"U.S. Citizenship and Immigration Services (USCIS) ... announced revised filing instructions and addresses for applicants filing Form I-824, Application for Action on an Approved Application or Petition. The new form is dated 12/11/09. The changes are part of an overall effort to transition the intake of benefit forms from USCIS local offices and Service Centers to USCIS Lockbox facilities. Centralizing form and fee intake to a Lockbox environment allows USCIS to provide customers with more efficient and effective initial processing of applications and fees.

Beginning February 19, 2010, applicants must file Form I-824 with a USCIS Lockbox facility, based on which Service Center or local office approved their original petition or application. Detailed guidance is available in the updated Form I-824 instructions...

After February 19, 2010, the Service Centers will return any incorrectly filed Form I-824 applications with instructions to send the application to the correct location.

When filing Form I-824 at a USCIS Lockbox facility, applicants may elect to receive an email and/or text message notifying them that USCIS has accepted their application. To receive notification, applicants must complete an E-Notification of Application/Petition Acceptance (Form G-1145), and attach it to the first page of their application."

Read the complete Notice:

Second Circuit Says Illegal Immigrant Cannot Accrue "Continuous Physical Presence" After Guilty Plea and Conviction for Illegal Entry Followed by Subsequent Departure

"Immigrant Can't Claim 'Continuous Presence'"

"An immigrant's illegal entry conviction and his subsequent return to Mexico interrupted his period of 'continuous physical presence' in the United States, making him ineligible to stay in the country, the 2nd Circuit ruled, addressing issues of first impression.

Jesus Ascencio-Rodriguez first came to the United States in 1989. Since then, he's traveled to and from Mexico several times, getting arrested at least four times by Border Patrol agents.

One such arrest resulted in a conviction for illegal entry and his voluntary removal.

But Ascencio-Rodriguez returned to the United States in 2004, again illegally, and was ordered deported four years later by the Department of Homeland Security.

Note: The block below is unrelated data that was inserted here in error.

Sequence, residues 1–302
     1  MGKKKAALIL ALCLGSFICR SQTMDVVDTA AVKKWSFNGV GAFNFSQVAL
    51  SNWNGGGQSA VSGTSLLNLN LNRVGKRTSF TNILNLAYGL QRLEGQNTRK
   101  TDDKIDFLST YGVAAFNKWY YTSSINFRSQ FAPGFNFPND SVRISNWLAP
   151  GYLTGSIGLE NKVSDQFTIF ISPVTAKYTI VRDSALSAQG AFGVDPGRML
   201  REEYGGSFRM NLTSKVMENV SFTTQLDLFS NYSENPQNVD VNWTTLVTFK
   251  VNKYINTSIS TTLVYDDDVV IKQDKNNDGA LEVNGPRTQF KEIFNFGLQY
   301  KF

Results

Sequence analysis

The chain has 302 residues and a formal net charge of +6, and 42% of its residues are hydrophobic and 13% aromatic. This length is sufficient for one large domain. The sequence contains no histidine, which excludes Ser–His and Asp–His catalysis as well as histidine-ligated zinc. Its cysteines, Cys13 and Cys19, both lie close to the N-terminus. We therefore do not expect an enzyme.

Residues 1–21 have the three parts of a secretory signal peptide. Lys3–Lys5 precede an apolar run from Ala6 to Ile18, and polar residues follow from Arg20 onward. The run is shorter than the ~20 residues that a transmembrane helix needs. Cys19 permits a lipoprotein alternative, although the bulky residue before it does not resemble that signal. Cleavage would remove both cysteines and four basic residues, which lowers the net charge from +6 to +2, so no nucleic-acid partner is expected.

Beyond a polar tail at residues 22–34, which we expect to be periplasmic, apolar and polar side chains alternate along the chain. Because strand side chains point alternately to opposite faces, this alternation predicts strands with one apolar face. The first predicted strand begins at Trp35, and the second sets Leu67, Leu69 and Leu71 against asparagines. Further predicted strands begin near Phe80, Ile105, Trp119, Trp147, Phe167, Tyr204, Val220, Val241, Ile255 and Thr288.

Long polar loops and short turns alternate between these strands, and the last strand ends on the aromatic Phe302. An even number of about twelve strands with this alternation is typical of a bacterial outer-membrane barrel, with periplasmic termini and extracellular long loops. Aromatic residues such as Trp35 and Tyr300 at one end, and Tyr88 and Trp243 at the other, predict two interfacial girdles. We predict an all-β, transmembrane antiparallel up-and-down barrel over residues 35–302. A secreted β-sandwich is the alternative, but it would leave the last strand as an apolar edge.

He filed papers fighting the deportation, claiming he'd been in the country for more than 10 years.

The immigration judge and the Board of Appeals were not convinced. They said Ascencio-Rodriguez's conviction and subsequent departure to Mexico interrupted his continuous presence in the United States.

The 2nd Circuit agreed.

'To allow an alien to plead guilty to illegal entry, be convicted of the crime, leave the country, and yet continue to accrue 'continuous physical presence' time within the meaning of our immigration laws would be contrary to the objectives of those laws and the BIA's relevant decisions,' Judge Jose Cabranes wrote.

The court found Ascencio-Rodriguez ineligible for cancellation of removal and denied his petition for review."
Read the Opinion:

Fifth Circuit: Full Faith and Credit Requires Louisiana to Honor New York Adoption Decree by Gay Couple, and Issue Birth Certificate Listing Couple as Parents

"Gay Couple Wins Ruling on Son's Birth Certificate"
"The Louisiana registrar must issue a birth certificate listing a gay couple as the parents of an adopted son born in Shreveport, the 5th Circuit ruled.

The adoptive parents, Oren Adar and Mickey Ray Smith, were living in Connecticut when they obtained an emergency adoption decree in New York state court.

The couple then applied for a new birth certificate listing them as the parents of their adopted son, who was born in Louisiana.

Louisiana registrar Darlene W. Smith refused to issue the certificate, citing state laws barring unmarried couples from adopting children in Louisiana.

But the district court ordered Smith to issue the certificate, saying Louisiana owes 'full faith and credit' to the New York adoption decree.

The New Orleans-based appeals court agreed.

"Adar and Smith are the 'adoptive parents'" under Louisiana law, Judge Jacques Wiener Jr. wrote, and the state 'owes full faith and credit to the New York adoption decree that declares [the infant] to be the adopted child of Adar and Smith.'

Wiener added that Louisiana law 'does not vest the Registrar with the discretion to refuse to make a new, correct birth certificate for a Louisiana-born child' when the New York adoption decree 'indisputably satisfies' Louisiana requirements.

The court also rejected the registrar's attack on the couple's standing, saying their adopted son has the 'right to an accurate birth certificate.'"
Read the Opinion:

Friday, February 19, 2010

US and Cuba Continue Immigration Talks

"U.S.-Cuba immigration talks underway in Havana"

"U.S. and Cuban diplomats met in Havana on Friday for high-level talks on immigration, but the conversation was sure to turn to stickier issues, including the detention of an American contractor accused of spying.

The negotiations began just after 9 a.m. at an undisclosed location in Havana, said Gloria Berbena, a spokeswoman for the U.S. Interests Section, which Washington maintains here instead of an embassy.

The regularly scheduled talks come at a low point in relations between two Cold War enemies that have been at each other's throats for months about a range of issues, notably the Dec. 3 arrest of Alan Gross, a 60-year-old American contractor who was in Cuba on a program funded by the U.S. Agency for International Development...

The American delegation in Havana was being led by Craig Kelly, deputy assistant secretary of State for Western Hemisphere affairs and the most senior U.S. official to travel to Cuba in years. One of Kelly's subordinates, Bisa Williams, came in September for separate talks aimed at re-establishing direct mail service.